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Frequently Asked Questions for the Investing in Manufacturing Communities Partnership Designation for Manufacturing Communities

(Updated 3/4/2014)

In December 2013, the Obama Administration launched a national competition to designate “manufacturing communities.” The Federal Register notice announcing the competition was issued by the Department of Commerce’s Economic Development Administration.  The designation offers up to 12 selected communities preferential consideration for up to $1.3 billion in federal dollars and assistance from 10 federal agencies. The Federal Register notice lists the nine agencies offering the preferential consideration for grant funding.  One additional agency is offering technical assistance and is expected to provide preferential consideration for funding in the near future.

The deadline to apply is April 14, 2014. Decisions will be made later in 2014.

What is the Investing in Manufacturing Communities Partnership?

The Investing in Manufacturing Communities Partnership (IMCP) is an Obama Administration initiative that will help accelerate the resurgence of manufacturing in regions across the country. The IMCP will reward communities that best highlight their strengths and demonstrate they can combine their efforts around workforce training, infrastructure and research centers to implement an economic development plan that will attract, retain and expand manufacturing investment.

By combining many of the elements companies seek when deciding where to locate their firms, this approach will help communities capitalize on the industrial growth taking place nationwide due to the United States’ competitive advantages in areas like energy, worker productivity, and intellectual property protection.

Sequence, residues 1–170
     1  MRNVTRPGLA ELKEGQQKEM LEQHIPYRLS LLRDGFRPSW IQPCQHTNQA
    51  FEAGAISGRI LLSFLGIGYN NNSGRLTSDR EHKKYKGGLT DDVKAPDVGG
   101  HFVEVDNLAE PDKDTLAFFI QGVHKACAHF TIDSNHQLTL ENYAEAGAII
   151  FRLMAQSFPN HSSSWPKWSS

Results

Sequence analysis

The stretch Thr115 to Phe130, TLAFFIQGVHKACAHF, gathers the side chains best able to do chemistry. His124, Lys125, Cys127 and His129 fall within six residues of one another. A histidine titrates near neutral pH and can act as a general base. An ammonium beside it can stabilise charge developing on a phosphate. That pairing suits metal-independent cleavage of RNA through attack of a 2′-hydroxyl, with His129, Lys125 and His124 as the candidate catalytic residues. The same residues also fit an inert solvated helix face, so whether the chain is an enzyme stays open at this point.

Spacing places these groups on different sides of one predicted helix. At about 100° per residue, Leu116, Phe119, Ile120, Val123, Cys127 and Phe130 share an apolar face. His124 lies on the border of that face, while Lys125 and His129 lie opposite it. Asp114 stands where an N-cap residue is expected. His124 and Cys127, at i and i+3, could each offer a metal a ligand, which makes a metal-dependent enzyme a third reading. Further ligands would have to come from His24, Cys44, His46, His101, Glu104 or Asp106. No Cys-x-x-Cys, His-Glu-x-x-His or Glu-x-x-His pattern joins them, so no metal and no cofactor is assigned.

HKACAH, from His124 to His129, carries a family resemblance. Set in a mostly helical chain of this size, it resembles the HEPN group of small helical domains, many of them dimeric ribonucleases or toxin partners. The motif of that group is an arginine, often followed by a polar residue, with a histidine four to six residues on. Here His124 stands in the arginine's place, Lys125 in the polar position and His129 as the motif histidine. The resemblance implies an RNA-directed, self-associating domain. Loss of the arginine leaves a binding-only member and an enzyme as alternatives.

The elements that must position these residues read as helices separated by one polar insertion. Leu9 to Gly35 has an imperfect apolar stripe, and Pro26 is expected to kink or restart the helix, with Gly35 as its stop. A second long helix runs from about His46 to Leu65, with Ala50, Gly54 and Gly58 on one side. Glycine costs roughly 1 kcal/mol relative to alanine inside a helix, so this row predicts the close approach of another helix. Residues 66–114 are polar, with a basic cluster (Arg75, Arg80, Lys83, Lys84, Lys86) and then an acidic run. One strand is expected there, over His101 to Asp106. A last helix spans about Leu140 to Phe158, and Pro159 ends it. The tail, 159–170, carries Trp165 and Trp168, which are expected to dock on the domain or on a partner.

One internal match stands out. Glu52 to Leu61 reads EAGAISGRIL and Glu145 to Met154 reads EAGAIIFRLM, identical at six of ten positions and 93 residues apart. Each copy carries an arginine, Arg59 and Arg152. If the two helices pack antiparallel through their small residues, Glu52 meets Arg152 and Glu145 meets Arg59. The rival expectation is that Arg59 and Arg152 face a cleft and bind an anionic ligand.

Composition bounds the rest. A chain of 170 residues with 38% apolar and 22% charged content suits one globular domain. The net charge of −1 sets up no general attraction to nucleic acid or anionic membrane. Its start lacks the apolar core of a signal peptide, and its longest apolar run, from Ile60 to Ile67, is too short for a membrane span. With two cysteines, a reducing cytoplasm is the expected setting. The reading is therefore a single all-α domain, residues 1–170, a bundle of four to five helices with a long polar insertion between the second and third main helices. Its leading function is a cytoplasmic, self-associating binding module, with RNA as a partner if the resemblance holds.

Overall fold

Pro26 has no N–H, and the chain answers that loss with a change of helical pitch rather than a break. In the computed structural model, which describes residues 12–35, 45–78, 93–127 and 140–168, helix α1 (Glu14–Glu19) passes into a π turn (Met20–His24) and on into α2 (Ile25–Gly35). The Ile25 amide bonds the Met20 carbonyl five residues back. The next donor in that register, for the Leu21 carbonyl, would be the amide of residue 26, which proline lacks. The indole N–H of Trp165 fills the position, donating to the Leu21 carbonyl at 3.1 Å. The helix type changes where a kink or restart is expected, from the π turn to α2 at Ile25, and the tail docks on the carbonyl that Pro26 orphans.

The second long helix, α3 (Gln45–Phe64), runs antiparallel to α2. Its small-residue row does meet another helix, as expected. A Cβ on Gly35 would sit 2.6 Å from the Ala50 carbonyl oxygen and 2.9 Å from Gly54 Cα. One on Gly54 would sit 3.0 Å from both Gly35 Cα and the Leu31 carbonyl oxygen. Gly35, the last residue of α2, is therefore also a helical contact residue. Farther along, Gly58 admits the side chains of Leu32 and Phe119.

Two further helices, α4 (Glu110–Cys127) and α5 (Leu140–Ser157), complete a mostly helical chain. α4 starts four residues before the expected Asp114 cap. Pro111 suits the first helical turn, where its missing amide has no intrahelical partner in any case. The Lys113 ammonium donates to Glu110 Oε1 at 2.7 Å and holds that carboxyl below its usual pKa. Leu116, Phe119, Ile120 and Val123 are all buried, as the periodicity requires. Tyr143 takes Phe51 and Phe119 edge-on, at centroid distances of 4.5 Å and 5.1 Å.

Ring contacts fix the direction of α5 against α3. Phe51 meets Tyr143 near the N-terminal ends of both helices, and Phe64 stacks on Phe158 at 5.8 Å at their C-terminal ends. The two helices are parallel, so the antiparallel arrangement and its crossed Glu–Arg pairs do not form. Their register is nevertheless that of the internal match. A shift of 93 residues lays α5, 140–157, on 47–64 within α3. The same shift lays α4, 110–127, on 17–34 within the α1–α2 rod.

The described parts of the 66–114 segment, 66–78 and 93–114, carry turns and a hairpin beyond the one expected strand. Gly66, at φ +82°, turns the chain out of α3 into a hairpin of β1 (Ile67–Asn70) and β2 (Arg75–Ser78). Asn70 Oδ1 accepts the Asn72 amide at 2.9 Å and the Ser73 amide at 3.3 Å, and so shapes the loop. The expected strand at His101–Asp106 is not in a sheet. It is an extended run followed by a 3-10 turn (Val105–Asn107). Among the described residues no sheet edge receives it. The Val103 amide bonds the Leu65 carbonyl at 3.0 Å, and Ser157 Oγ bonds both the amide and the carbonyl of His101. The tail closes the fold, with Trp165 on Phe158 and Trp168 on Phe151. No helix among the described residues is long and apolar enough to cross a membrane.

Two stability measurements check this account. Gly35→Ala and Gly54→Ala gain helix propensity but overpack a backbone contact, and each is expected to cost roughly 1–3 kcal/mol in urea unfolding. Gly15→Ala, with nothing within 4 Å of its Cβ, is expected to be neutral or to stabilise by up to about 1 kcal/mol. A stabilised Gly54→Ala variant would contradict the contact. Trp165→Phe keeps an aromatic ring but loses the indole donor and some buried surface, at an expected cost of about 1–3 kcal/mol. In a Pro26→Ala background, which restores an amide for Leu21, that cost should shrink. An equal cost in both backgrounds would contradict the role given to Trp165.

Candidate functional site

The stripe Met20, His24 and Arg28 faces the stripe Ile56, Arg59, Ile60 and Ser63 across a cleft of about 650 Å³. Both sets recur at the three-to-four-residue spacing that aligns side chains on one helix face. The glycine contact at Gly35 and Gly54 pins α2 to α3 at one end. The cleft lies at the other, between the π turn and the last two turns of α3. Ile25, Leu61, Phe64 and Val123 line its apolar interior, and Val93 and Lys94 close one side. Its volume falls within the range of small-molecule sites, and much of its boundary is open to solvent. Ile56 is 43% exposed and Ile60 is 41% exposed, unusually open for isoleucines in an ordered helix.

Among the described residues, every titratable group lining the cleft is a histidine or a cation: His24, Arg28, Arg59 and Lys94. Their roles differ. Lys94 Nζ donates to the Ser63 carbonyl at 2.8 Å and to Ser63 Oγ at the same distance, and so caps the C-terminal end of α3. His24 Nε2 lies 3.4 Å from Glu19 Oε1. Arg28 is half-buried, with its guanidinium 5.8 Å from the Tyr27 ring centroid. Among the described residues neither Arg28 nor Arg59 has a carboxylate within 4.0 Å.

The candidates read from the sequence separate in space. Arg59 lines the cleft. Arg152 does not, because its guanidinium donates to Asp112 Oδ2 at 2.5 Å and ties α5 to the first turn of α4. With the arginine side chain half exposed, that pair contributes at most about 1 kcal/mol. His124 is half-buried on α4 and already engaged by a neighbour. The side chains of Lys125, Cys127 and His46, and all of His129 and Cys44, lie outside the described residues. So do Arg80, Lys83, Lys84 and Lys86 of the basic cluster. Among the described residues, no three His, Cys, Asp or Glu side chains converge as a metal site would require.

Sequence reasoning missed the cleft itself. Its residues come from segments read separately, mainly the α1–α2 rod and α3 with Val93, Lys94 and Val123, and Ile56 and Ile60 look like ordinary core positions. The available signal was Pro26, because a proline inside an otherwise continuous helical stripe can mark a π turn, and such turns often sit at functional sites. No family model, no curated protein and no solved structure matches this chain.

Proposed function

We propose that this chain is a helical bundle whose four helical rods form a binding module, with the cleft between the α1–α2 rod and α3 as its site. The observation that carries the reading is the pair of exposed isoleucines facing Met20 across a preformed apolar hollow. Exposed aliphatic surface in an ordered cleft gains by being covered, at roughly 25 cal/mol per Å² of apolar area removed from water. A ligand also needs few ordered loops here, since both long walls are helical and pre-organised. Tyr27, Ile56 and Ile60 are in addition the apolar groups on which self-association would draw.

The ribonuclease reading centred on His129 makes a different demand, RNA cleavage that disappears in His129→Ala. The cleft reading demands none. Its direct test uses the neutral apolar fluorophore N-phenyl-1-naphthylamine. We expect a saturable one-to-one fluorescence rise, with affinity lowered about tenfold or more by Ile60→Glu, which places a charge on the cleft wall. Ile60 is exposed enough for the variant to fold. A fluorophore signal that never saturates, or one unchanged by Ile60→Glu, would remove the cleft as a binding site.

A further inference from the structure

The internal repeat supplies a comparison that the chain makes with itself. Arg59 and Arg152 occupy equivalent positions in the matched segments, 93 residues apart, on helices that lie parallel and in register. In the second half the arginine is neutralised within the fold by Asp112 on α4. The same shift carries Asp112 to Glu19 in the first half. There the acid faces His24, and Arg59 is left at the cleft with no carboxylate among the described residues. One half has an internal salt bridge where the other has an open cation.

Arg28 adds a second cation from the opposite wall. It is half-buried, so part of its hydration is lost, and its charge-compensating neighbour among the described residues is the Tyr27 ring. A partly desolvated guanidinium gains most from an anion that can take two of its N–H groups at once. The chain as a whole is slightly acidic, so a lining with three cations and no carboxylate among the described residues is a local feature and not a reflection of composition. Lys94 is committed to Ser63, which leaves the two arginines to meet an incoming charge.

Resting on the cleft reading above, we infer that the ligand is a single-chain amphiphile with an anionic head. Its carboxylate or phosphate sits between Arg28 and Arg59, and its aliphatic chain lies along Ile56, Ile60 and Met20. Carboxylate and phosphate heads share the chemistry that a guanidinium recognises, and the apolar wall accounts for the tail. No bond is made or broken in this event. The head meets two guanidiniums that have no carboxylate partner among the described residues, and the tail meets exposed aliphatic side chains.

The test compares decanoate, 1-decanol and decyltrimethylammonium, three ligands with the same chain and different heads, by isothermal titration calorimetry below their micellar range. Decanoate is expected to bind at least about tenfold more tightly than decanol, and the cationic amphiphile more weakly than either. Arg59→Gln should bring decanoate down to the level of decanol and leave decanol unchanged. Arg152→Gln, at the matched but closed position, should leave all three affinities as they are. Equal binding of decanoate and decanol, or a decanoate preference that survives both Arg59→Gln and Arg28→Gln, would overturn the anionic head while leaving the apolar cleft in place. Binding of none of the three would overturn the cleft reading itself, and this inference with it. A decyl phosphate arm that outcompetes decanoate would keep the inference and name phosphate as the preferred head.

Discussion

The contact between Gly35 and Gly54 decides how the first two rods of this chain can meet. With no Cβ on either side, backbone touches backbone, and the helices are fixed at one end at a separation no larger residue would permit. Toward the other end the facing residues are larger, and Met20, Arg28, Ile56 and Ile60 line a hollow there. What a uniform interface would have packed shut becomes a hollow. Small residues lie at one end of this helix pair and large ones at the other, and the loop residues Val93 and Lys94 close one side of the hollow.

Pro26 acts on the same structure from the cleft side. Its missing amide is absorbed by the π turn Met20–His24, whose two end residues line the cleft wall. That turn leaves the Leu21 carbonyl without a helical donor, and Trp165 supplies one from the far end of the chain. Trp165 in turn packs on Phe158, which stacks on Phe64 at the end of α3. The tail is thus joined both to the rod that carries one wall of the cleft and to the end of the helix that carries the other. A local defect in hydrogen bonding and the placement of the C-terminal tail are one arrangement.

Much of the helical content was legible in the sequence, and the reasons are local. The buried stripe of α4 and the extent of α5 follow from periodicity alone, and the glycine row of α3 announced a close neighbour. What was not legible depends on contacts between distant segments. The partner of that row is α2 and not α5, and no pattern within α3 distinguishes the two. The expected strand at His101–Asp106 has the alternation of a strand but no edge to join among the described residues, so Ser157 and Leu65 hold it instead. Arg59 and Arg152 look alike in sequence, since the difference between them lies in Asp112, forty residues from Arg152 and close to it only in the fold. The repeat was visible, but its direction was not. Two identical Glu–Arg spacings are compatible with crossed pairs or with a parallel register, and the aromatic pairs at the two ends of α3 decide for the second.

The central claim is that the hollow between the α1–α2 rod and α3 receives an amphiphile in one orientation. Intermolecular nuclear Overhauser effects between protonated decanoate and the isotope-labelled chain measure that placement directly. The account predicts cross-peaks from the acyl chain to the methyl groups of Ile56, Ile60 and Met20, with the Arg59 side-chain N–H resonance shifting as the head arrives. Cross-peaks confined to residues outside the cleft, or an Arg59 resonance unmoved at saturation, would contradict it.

IMCP is led by the Department of Commerce and is an important part of the Department’s Open for Business agenda which prioritizes trade and investment.

Through IMCP, thirteen agencies are working together to coordinate how the federal government supports manufacturing regions.

What are the 13 participating agencies?

IMCP Participating Agencies will coordinate with each other to align complementary activities while also preventing duplication of efforts.

The participating agencies are:

  • Department of Agriculture
  • Department of Commerce, Economic Development Administration
  • Department of Commerce, NIST/MEP
  • Department of Defense
  • Department of Education
  • Department of Energy
  • Department of Housing and Urban Development
  • Department of Labor, Employment and Training Administration
  • Department of Transportation
  • Appalachian Regional Commission
  • Delta Regional Authority
  • Environmental Protection Agency
  • National Science Foundation
  • Small Business Administration

Is this the first time the federal government is announcing the IMCP?

The IMCP has several components:

  • IMCP was launched earlier in 2013 with a series of regional roundtables hosted by several federal agencies to help raise the awareness of funding opportunities available in manufacturing as well as to seek bottom-up input from local communities on the upcoming phases of the initiative. 
  • Additionally, $7 million was awarded to 44 communities in September of 2013 from the Economic Development Administration and other agencies for IMCP implementation strategy grants to support the development of long-term economic development strategies to help them attract and expand private investment in the manufacturing sector and increase international trade and exports.
  • In December 2013, the Administration launched a national competition led by the Department of Commerce to designate “manufacturing communities.” This designation offers up to 12 selected communities preferential consideration for up to $1.3 billion in federal dollars and assistance from 10 federal agencies.

Will the applicants for the Manufacturing Community” designations be limited to the pool of communities that were involved in the fiscal year 2013 planning grant competition?

No.  Any community may compete for designation as a consortium that includes at least one or more of these eligible organizations:

  • Regional economic development district organization
  • Indian tribe
  • state, county, city or local government engaged in economic infrastructure development activities
  • institutions of higher education
  • public or private non-profit organizations or associations acting in cooperation with local government officials

In order to earn the designation, communities must present strategies that identify technologies or industries in which they would be competitive in the future and in which they would make investments in the following areas: